Nocton, however, is just a tranquil, small rural village in Lincolnshire, set among mature trees and hedging and of a few more than 600 inhabitants. Irrelevant to the national press until 2009, when the Nocton Dairy controversy started to catch public attention. Devon farmer and cheese-maker Peter Willes and Lancashire milk producer David Barnes presented a planning application to the North Kesteven District Council to build an 8,100 cow industrial dairy farm that was to become the largest in Western Europe, setting a dangerous precedent for the British countryside.
After a long campaign against the super-dairy including local voices, landscape protection and animal rights associations, MP’s and celebrities, the application was finally rejected, leaving the proposed site untouched.
“Keeping 8,000 cows in one herd makes no farming sense. It is, however, what farmers are being forced to do by the supermarkets. If one company has only three distribution centres to cover the whole of the UK you can’t expect them to have contracts with 80 farmers, each with 100 cows, so farmers have to gear up to meet the demand of their customers. After all, as governments like to say, farming is a business, just like any other. Farmers like me, who do not think big is always beautiful, will just have to retire.” Says welsh farmer Huw Jones.
Farms and farmers are an essential component of the british countryside, helping tomaintain the pastures, meadows, woods and dry stone walls, hedgerows and traditional barns that compose the distinctive character of the landscape. However, price pressures are forcing them to consider intensive methods or to give up farming, presenting a serious threat for the environment.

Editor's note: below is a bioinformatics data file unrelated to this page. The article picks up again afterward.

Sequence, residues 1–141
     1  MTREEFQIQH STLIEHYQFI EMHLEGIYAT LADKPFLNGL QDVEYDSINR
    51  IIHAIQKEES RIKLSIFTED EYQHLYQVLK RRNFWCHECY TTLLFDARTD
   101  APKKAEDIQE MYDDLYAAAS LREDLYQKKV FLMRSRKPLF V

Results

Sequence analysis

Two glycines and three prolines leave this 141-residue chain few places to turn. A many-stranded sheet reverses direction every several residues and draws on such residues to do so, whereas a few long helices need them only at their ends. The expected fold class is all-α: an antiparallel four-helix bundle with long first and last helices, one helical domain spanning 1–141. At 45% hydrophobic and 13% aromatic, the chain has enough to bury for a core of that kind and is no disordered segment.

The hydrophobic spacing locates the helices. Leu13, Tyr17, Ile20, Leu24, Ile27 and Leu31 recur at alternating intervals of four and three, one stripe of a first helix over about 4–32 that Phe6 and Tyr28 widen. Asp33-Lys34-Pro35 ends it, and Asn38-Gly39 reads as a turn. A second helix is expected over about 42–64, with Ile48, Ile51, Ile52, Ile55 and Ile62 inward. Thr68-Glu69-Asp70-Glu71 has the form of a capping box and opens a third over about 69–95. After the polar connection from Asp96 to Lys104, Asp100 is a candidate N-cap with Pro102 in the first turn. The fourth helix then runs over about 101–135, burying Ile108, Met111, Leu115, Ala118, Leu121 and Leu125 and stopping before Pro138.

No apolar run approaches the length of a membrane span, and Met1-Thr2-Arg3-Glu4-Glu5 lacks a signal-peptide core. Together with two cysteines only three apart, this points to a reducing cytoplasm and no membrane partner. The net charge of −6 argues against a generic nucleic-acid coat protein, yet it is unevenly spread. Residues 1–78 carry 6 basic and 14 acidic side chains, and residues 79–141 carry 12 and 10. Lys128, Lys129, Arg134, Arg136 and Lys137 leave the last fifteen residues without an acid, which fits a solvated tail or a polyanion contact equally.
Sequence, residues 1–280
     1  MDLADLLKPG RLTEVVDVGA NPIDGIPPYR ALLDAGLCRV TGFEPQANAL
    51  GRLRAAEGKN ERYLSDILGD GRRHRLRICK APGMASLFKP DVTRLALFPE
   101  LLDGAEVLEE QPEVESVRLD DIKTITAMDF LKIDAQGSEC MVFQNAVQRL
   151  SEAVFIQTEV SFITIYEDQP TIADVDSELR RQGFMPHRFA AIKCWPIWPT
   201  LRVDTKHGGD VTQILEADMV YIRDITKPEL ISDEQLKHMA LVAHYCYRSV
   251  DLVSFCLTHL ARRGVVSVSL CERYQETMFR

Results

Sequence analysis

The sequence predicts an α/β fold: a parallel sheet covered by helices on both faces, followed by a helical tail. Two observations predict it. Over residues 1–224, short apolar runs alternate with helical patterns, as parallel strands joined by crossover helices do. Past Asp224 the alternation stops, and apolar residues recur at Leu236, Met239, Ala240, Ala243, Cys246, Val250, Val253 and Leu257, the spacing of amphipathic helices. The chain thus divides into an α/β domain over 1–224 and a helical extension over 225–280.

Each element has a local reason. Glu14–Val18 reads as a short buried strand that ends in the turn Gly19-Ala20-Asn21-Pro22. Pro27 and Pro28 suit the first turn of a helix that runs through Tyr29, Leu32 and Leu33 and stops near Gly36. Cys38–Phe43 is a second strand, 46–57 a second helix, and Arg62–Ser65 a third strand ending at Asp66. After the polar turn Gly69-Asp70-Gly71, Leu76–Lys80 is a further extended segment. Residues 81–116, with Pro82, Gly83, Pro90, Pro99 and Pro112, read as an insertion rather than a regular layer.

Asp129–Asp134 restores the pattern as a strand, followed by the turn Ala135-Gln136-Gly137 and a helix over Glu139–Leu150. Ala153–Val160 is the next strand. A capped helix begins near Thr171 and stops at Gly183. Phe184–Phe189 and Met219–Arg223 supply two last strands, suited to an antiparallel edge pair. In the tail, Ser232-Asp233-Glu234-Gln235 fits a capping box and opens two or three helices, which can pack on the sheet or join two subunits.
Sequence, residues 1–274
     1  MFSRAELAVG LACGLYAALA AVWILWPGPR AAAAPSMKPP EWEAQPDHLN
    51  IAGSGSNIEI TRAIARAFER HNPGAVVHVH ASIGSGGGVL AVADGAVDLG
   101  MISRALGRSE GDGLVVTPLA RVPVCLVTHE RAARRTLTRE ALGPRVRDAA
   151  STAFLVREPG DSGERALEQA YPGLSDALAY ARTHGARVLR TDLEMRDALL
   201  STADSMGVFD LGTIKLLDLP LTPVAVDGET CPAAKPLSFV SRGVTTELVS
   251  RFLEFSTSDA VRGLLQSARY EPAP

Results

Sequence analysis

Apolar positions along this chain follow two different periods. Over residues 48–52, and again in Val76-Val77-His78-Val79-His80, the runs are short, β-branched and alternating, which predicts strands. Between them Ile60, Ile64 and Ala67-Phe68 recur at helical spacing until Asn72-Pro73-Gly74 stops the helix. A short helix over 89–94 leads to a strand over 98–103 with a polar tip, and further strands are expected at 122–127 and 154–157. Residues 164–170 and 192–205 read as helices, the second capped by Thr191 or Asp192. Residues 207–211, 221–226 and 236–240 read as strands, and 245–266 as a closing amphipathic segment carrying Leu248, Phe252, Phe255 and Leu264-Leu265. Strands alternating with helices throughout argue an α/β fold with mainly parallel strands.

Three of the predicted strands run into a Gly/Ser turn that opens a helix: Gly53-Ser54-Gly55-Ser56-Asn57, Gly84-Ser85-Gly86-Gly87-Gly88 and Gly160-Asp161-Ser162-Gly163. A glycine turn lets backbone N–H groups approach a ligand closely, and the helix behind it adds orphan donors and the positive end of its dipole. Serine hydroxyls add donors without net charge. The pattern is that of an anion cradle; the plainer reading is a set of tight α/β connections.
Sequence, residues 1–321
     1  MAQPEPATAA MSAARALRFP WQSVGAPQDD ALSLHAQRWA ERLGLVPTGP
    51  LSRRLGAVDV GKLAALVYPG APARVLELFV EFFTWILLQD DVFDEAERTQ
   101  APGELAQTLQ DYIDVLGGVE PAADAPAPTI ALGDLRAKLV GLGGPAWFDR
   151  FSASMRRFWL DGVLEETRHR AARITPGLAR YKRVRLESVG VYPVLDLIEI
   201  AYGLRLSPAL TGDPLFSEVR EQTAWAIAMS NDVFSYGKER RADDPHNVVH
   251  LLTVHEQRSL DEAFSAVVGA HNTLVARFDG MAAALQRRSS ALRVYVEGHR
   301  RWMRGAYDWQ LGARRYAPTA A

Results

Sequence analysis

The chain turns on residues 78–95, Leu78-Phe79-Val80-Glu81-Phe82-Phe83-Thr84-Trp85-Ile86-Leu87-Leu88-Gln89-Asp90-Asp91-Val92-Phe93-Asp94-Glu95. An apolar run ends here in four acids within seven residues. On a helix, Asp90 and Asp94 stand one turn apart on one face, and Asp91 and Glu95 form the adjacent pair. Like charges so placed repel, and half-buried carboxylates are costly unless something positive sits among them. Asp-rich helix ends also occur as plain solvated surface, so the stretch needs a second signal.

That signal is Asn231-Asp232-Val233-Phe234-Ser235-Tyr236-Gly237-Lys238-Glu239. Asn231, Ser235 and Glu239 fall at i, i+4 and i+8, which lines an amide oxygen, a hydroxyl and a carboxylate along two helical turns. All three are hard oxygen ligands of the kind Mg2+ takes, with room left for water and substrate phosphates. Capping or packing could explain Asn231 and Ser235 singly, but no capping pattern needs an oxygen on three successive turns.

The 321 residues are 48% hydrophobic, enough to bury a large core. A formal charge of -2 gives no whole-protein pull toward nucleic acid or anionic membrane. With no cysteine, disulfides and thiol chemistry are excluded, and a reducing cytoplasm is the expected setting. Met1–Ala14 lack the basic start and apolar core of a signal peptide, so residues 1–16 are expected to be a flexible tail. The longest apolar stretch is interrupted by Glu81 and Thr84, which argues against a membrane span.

(Don’t) panic, it’s organic
In times when corporations are increasingly industrialising the mechanisms of food production with devastating impacts for the environment, animals and our own health, sustainable forms of agriculture such as locally produced organic farming is the most common proposition against the industrial threat. However, aiming to feed billions of people and livestock animals exclusively through organic agriculture is nothing but a utopian endeavour. While being successful in creating forms of resistance against the capitalist pressures that strain the food system, its obvious limitations relegate organic farming to a creative and therapeutic activity for a cultural elite rather a long term solution for a central crisis. The critical point we find ourselves in does not require a step backward, but a radical step forward.
Far from accepting the turn towards factory farming as the only realistic answer to a food crisis, and refusing the utopia that comes with the organic trend, the system is in need of a sustainable alternative that can save the landscape while effectively delivering enough nutrients to meet a growing demand. For that, it is important to rethink farming and everything it involves in a way that has never been done before. Could cellular agriculture, that is, lab grown animal products, be produced at a mass scale? redefining our connection with what we eat and where it comes from. Creating a new food culture that confronts our dystopian food system while saving the landscape and its species. After having defeated the dairy giant, Nocton will be given another opportunity to reinvent the agricultural world and its relationship with our landscape.